• What information needs to be shared? If the objective cannot be achieved without the sharing of personal data, then only the minimum required to achieve the objective will be shared (see the third Caldicott Principle).
  • Who requires access to the shared personal data? Only those individuals requiring access to the data to do their job should have access.
  • When should it be shared? All sharing of data should be accurately documented within a defined set of agreed parameters.
  • How should it be shared? There should be an agreed process for the secure transmission, receipt, access and retention of the data.
  • How do you check the sharing is achieving its objectives? Evaluate whether sharing is still appropriate and confirm any safeguards that are in place still match the corresponding risks.
  • How are individuals made aware of the information sharing? Consider what information is provided to individuals concerned. Where applicable (subject to any relevant exemptions) this needs to be made clear in privacy notices.
  • Are there any risk(s) to the individual and/or the organisation through sharing the data? Is any individual likely to be damaged by it and where applicable, are they likely to object? Could it undermine the individual’s trust in the organisations that hold records about them?

It is good practice to document all decisions and reasoning related to the information sharing. If there is any doubt about whether it is appropriate to share information advice should be sought from the Information Governance team.

In all instances where there is a requirement to share information staff must ensure that:

  • sharing complies with the law, available guidance and best practice
  • only the minimum information necessary for the purpose will be shared
  • individual rights will be respected, particularly in relation to confidentiality and security of their information
  • confidentiality must be respected unless there is an overriding public interest or a legal justification for disclosure
  • periodic reviews of information sharing agreements must be undertaken to ensure that it meets the required objectives/purpose and is still fulfilling its aims.

Information Sharing Agreements

Information sharing agreements set out a common set of rules to be adopted by the organisations involved to facilitate the sharing of information. As part of best practice, all NHSCFA data sharing agreements will be regularly reviewed particularly where information is to be shared on a large scale, or on a regular basis.

An information sharing agreement should as a minimum, document the following:

  • the purpose or purposes, of the sharing
  • the data to be shared
  • the legal basis for sharing
  • the potential recipients and the circumstances in which they will have access
  • who the data controller(s) is, any data processor(s) and the data to be shared
  • data quality - accuracy, relevance, usability
  • data security
  • the retention of shared data
  • individual rights - procedure for dealing with access requests, queries or complaints;
  • review effectiveness/termination of the sharing agreement and any particular obligations on the parties to the agreement, giving an assurance around the standards expected
  • awareness of sanctions for failure to comply with the agreement or breaches by individual staff.

The Data Security and Protection Toolkit (mandatory for NHS organisations) – makes clear that when confidential personal information that can identify an individual is shared, both the disclosing and receiving organisations should have procedures that meet the requirements of law and guidance and make clear to staff the appropriate working practices. In some circumstances these procedures (and the law and guidance on which they are based) should be set out within an agreed information sharing agreement or protocol.

Where it is decided that a formal Information Sharing Agreement is required between the NHSCFA and a participating organisation, a template agreement can be obtained from the Information Governance Team, following the process outline below.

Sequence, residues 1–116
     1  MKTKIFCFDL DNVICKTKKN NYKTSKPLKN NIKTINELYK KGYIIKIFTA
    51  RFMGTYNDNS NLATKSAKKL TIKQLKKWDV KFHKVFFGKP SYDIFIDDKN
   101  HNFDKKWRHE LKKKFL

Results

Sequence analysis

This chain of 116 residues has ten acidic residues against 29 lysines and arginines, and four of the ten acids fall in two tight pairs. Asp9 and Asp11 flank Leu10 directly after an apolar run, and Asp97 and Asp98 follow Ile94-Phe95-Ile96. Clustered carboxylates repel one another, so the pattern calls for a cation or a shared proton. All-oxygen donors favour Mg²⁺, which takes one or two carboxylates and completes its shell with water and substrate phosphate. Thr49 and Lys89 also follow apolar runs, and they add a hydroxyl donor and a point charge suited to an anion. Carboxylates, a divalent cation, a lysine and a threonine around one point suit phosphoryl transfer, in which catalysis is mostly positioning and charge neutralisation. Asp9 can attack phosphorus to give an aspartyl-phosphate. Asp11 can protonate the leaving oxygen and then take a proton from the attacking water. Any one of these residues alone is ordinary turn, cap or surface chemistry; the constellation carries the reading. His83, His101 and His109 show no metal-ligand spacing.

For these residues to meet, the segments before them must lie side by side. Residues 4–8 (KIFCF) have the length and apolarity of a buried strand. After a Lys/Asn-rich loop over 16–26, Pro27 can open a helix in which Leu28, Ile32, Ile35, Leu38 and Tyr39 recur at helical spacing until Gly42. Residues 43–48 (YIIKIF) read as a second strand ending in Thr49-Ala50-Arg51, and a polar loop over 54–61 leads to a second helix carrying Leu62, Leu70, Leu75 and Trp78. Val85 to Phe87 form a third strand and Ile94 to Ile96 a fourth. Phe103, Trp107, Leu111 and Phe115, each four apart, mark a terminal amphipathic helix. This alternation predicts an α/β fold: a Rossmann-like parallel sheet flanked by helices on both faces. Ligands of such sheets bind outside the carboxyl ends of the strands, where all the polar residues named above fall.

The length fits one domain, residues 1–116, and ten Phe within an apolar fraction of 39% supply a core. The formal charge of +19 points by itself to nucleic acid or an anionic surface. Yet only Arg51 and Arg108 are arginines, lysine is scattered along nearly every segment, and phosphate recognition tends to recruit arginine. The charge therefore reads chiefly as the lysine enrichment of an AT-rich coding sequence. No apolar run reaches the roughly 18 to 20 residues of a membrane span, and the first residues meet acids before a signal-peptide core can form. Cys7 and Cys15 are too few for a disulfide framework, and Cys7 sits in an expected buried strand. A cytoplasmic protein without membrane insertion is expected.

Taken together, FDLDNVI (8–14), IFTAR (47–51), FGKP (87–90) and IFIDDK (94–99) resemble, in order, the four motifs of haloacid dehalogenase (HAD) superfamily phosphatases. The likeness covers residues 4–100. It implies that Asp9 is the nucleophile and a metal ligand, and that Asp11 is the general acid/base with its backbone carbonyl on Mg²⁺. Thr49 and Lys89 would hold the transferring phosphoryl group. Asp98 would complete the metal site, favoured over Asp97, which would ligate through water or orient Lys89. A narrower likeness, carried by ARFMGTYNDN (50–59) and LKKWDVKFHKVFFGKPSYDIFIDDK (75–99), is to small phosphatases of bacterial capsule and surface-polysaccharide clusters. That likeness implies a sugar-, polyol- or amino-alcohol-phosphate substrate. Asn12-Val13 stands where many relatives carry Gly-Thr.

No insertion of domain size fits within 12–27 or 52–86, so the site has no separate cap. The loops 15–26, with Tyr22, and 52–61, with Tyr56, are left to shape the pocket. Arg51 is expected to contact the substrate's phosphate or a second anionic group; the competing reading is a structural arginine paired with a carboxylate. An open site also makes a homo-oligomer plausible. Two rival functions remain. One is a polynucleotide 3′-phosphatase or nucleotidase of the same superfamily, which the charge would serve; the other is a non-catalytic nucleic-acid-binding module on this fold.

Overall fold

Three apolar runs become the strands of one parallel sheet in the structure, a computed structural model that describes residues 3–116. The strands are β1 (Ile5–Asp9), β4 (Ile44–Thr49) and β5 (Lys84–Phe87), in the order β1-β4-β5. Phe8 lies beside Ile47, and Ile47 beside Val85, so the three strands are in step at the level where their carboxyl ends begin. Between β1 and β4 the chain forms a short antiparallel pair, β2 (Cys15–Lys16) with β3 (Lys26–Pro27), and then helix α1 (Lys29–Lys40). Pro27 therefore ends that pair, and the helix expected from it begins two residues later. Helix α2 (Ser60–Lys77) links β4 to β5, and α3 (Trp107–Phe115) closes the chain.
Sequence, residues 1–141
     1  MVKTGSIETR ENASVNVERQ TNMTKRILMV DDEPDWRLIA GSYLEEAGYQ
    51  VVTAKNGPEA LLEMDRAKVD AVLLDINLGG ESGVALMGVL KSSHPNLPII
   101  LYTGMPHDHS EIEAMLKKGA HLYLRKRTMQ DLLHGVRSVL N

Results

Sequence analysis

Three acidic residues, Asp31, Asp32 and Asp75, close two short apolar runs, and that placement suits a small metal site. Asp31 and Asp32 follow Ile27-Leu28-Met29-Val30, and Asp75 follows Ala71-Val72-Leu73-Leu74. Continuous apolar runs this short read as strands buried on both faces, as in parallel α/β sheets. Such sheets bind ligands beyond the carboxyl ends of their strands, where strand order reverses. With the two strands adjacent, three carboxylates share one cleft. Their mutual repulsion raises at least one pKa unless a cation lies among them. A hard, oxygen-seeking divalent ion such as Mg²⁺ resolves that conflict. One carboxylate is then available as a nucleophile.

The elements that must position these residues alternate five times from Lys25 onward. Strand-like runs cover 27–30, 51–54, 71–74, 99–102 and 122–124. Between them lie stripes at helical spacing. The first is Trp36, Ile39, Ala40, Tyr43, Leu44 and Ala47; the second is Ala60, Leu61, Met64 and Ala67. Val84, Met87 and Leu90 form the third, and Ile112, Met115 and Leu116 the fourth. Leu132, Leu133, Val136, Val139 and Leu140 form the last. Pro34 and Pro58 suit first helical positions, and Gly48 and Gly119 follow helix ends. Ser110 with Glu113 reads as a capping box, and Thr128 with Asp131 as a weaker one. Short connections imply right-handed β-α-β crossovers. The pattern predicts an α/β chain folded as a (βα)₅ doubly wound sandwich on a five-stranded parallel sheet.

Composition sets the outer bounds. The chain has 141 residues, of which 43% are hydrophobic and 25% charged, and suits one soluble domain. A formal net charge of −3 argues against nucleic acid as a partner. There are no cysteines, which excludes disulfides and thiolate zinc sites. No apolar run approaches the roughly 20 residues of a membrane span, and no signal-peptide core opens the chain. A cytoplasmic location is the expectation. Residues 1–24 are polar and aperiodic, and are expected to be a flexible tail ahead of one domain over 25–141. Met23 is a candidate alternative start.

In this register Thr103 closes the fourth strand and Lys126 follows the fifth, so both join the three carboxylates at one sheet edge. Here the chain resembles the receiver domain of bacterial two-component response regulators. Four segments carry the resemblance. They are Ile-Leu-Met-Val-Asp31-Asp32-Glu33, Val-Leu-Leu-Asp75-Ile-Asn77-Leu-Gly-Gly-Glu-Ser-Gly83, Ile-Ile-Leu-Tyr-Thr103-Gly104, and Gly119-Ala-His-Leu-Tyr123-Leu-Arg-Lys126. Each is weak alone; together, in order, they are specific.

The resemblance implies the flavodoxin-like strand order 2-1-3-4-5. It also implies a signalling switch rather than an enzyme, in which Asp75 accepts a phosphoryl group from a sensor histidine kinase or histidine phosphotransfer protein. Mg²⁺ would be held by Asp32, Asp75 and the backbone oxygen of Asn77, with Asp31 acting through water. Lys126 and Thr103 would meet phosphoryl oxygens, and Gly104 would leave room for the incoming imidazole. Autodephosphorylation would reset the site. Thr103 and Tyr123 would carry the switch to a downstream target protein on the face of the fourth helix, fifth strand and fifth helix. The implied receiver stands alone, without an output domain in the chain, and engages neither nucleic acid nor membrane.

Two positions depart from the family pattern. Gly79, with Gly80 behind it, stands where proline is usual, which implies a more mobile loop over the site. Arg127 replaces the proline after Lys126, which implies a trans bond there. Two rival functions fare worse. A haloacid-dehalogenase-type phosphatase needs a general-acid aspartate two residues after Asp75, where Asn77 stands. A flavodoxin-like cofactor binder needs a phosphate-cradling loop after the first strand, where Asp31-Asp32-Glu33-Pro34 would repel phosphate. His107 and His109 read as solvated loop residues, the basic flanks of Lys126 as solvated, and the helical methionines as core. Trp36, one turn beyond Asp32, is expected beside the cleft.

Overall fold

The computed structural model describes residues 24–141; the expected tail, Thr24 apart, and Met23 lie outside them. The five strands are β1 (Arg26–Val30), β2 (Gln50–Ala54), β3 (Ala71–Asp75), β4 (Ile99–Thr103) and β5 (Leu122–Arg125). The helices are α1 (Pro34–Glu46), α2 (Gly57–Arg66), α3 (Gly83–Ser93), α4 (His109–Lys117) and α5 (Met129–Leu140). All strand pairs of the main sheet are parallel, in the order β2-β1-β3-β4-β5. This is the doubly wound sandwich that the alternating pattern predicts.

The process

The business unit will identify the area where an information sharing agreement is required and provide all of the relevant contact details to the Information Governance (IG) Team.

Requests for the disclosure of information received from a regulatory body under their regulatory or statutory powers do not fall within the scope of this policy.

The IG team will provide a template agreement to the business unit, to establish the purpose of the agreement, the data to be shared with the third party/parties and its scope; completing the relevant section(s) of the template and return it to the IG team.

The IG team will circulate the completed draft to NHSCFA internal stakeholders and the Leadership Team for contribution to the agreement, where appropriate.

The IG team will then establish dialogue with the third party contact to agree and finalise the propose agreement.

Dialogue is maintained throughout the process with the third party to agree a final draft, which will be circulated to the Leadership Team for comment.

The final draft will then be sent to the Senior Management Team for authorisation.

Once authorised, the Information Sharing Agreement will be published where appropriate to do so.

Data Protection Impact Assessment (DPIA)

Before entering into any data sharing arrangement a DPIA should be undertaken. This will help to assess the benefits that the information sharing might bring to the participating organisations and/or more widely to individuals or society. It will also help to assess any risks or potential negative effects, such as an erosion of personal privacy or the likelihood of damage, distress or embarrassment being caused to data subjects.

As well as any potential harm to individuals, staff should consider the potential harm to the organisation’s reputation which may arise if information is shared inappropriately, or not shared appropriately.

Any new information assets or data flows that arise out of a new project or procurement where NHSCFA is the data controller or receives personal, confidential, sensitive or business sensitive information will need to be recorded as part of the NHSCFA’s wider Information Asset Register.

Further information on DPIAs can be obtained from the IG team.

Further advice

With information sharing there will always be exceptional and difficult circumstances where advice may be needed. The organisation’s Information Governance Lead and/or Caldicott Guardians should be consulted where there are any concerns about whether a proposed information sharing is appropriate.

You should contact the IG team about any exceptional needs or requests for information sharing or decisions that may require input from the Caldicott Guardians.


This document will be made available to all staff via NHSCFA’s Go2 intranet site.


Compliance with this policy and the process outlined in this document will be monitored via the Finance and Corporate Governance Unit. The Information Governance Lead will be responsible for the annual review and updating of this document.